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Steve Vacendak

Stephen Vacendak (born August 15, 1944) is a former basketball player and coach of college basketball. He originally came from Scranton, Pennsylvania and was recruited by Vic Bubas to play as a guard for the Duke University men's basketball team. As a guard for the team he led Duke to a 72–14 record and two Final Four appearances during his three-year varsity career. In 1966 he was captain of his basketball team, ACC Player of the Year, and on the All-ACC Tournament team. Oddly enough, Vacendak was named player of the year but was not named to the All-ACC team in 1966.

After graduating from Duke University, he was drafted by the San Francisco Warriors in the fourth round of the 1966 NBA draft, but he never played for them. Instead, he played professional basketball for the American Basketball Association and later joined the sales staff at Converse Rubber Company. In 1980, he went back to work at Duke as an associate athletic director for five years. After working at Duke, he became the director of athletics and head basketball coach at Winthrop College in Rock Hill, South Carolina.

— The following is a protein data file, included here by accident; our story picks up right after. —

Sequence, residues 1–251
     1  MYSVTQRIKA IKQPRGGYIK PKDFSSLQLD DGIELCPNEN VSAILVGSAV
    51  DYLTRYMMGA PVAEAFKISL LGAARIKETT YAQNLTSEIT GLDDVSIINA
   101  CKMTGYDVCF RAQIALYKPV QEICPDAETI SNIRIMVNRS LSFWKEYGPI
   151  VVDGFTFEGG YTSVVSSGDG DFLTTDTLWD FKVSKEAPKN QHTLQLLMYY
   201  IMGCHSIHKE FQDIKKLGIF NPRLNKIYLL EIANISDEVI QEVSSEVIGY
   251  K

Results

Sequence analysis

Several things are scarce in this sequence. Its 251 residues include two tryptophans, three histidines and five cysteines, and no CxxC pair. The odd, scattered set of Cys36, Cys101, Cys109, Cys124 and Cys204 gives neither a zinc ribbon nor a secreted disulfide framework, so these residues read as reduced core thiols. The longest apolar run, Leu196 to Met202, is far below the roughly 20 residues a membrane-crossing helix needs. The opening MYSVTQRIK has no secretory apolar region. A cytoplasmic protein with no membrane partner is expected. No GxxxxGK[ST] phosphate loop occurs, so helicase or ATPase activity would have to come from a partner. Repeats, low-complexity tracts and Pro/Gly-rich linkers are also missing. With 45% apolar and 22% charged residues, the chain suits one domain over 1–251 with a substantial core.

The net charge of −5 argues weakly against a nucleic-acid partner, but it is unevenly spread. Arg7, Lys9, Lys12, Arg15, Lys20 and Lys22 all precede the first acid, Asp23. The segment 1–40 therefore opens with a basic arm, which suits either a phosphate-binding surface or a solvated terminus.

Following his stint at Winthrop, Vacendak spent three years working at Homeowners Clubs of America, a franchising company in Charlotte, North Carolina. He later became a partner in Damon's Restaurant in Raleigh, N.C., a position which ultimately (through a customer at Damon's) connected him with the organization with which he has been involved ever since: N.C. Beautiful.[1]

Vacendak currently serves as the Executive Director for N.C. Beautiful, which is a private, non-profit organization dedicated to preserving the natural beauty of North Carolina "through environmental education and outreach."[2] More specifically, the group provides grants to teachers to sponsor environmentally-based projects in their classrooms and helps college undergraduate and graduate students get involved in environmental research.[1]


  1. ^ a b Harris, Bob with Steve Vacendak. "Remembering the Bubas Era: Q & A with Steve Vacendak." Go Duke: The Magazine. Dec. 2009, p. 89-92.
  2. ^ "Remembering the Bubas Era: Q & A with Steve Vacendak." Go Duke: The Magazine. Dec. 2009, p. 92.